Edward Weston (1886-1958)
Edward Weston (1886-1958)

Nude, 1936

Edward Weston (1886-1958)
Nude, 1936
gelatin silver print, printed c. 1948 by Brett Weston
Edward Weston credit stamp (on the reverse of the mount)
image/sheet: 9 1/2 x 7 1/2in.
mount: 15 x 13 1/4in.
The family of Edward Weston, Carmel;
With Edwynn Houk Gallery, New York
N. Newhall, Edward Weston, Photographer, Grossman, 1965, pg. 60; Wilson, Edward Weston Nudes, Aperture, 1977, pl. 82; Conger, Edward Weston: Photographs from the Collection of the Center for Creative Photography, 1992, fig. 968/1936


Darius Himes
Darius Himes




...chance enters into all branches of art: a chance word or phrase starts a trend of thought in a writer, a chance sound may bring new melody to a musician, a chance combination of lines, new composition to a painter. I take advantage of chance--which in reality is not chance--but being ready, attuned to one’s surroundings--and grasp my opportunity in a way which no other medium can equal in spontaneity while the impulse is fresh, the excitement strong.
—Edward Weston

It is chance that staged one of the most staggeringly beautiful portrayals of a nude in the history of photography. On the hot day that Edward Weston captured this iconic image of his eventual wife, Charis Wilson, she rested outside the door leading to the sundeck of their home in Carmel, California, overlooking the ocean. The blanket that she sits on in the picture was placed to separate her exposed flesh from the heated metal surface below. Her head is bowed against her leg to avert her eyes from the brightly shining sun. ‘Just keep it that way’ Weston tells her. Only one exposure is made; shooting 8 x 10 inch film isn’t cheap.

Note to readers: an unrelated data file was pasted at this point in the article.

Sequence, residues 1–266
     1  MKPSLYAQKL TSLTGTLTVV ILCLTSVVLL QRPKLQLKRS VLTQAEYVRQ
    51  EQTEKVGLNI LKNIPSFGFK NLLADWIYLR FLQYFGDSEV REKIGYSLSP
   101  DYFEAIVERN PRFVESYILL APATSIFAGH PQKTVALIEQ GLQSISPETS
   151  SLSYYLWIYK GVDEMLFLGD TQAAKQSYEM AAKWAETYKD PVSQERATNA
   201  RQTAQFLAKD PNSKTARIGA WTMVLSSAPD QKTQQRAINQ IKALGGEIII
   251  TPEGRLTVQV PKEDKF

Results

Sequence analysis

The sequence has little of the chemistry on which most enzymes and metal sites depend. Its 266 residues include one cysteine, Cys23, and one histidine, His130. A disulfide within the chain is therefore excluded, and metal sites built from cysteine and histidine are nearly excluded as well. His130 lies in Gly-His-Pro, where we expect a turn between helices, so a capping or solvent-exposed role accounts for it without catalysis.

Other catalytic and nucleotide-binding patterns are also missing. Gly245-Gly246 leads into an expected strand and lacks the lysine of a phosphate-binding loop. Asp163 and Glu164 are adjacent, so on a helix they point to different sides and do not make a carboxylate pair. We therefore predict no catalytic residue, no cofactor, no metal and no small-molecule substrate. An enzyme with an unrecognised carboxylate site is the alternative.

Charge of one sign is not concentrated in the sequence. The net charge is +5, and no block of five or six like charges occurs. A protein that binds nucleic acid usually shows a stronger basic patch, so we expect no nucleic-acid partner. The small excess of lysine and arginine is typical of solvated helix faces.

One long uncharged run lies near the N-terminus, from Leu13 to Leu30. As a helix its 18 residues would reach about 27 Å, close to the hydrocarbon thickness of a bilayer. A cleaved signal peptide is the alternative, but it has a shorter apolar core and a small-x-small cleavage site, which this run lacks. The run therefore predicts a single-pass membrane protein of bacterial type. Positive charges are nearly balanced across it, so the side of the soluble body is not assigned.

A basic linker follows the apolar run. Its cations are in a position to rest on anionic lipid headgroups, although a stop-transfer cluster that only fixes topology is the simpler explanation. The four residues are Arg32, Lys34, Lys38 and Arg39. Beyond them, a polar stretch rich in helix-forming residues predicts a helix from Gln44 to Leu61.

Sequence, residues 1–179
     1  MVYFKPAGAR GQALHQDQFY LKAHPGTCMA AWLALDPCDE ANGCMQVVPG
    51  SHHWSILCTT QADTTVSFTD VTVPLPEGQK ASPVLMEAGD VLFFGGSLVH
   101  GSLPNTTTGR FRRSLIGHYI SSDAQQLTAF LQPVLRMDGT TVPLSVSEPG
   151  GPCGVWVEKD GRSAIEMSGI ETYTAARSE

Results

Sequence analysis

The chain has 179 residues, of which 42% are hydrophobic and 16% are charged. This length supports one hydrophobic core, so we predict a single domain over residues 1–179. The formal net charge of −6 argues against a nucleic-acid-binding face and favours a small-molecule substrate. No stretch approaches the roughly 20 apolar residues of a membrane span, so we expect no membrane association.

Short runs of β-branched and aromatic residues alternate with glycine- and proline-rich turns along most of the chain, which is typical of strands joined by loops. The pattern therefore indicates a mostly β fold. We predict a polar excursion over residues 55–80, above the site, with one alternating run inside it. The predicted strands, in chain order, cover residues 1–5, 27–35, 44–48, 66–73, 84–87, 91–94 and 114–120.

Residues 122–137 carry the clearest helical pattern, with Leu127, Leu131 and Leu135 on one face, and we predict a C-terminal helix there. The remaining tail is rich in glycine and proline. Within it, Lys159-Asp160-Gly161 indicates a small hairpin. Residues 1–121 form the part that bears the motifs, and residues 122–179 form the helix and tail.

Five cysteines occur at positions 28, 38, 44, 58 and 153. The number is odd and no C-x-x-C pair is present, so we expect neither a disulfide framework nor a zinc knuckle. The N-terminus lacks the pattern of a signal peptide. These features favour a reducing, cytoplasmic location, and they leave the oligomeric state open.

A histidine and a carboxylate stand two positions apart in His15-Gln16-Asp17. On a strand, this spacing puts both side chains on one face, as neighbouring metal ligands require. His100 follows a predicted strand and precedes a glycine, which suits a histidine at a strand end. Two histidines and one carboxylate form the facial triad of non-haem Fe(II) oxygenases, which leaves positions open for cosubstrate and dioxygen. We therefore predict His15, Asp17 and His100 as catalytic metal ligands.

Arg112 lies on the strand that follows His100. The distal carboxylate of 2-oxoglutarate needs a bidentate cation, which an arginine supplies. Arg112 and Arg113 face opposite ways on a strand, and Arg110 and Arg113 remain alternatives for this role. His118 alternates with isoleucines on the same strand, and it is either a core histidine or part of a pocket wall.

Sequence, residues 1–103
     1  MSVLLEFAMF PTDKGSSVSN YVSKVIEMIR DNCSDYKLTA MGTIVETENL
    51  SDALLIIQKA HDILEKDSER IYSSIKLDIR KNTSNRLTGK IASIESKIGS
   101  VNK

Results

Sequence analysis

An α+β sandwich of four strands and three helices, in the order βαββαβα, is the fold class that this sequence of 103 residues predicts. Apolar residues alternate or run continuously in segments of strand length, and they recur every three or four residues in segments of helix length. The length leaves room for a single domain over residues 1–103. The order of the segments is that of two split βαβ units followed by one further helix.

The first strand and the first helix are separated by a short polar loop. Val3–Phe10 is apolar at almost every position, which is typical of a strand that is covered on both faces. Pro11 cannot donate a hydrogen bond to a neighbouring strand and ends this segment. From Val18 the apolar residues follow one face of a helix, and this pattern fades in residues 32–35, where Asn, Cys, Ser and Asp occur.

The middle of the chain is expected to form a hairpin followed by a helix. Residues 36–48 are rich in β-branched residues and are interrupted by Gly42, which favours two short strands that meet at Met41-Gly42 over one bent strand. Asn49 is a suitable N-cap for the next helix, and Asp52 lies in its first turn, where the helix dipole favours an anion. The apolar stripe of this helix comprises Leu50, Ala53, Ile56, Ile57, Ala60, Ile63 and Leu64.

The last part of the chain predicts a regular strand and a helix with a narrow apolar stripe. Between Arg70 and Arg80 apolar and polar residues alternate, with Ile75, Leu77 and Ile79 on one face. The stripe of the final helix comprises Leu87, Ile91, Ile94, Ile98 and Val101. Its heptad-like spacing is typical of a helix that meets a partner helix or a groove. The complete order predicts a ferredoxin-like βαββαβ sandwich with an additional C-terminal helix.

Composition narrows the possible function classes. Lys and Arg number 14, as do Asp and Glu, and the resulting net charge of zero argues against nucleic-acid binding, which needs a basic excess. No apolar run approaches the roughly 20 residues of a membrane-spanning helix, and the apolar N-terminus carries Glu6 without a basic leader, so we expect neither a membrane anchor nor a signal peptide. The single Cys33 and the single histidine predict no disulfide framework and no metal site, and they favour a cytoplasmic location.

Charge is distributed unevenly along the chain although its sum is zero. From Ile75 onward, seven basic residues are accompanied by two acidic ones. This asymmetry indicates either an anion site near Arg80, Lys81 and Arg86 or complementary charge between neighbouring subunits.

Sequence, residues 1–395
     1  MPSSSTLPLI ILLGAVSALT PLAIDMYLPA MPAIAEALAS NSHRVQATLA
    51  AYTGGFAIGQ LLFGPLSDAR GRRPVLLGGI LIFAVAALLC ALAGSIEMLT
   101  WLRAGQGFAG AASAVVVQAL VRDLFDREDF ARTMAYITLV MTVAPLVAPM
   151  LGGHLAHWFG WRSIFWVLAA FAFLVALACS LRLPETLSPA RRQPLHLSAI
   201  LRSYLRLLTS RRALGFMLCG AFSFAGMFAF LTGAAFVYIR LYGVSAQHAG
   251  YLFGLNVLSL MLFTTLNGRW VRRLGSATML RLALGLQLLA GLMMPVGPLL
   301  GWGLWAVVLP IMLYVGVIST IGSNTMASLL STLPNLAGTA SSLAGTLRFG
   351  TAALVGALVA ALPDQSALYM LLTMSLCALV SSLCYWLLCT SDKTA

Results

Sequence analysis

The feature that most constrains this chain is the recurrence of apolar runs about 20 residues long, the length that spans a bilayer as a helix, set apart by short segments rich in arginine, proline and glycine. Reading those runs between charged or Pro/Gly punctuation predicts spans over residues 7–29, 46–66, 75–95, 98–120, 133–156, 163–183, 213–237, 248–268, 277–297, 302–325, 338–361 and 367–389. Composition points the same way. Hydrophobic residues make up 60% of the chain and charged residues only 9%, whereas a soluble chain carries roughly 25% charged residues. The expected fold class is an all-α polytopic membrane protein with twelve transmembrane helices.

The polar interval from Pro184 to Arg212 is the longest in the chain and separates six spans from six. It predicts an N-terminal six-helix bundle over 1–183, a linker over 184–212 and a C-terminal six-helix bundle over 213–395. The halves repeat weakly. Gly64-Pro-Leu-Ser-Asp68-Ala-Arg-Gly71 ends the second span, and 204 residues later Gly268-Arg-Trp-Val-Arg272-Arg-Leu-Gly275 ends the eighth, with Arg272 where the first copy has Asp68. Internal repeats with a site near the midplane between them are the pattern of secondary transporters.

Later in life, when interviewed, Charis often mentions her dissatisfaction with the visible bobby pins and slightly crooked part in her hair; however, these little chance details captured in a brief moment are what bring us closest to the person in Weston’s stunning portrait.

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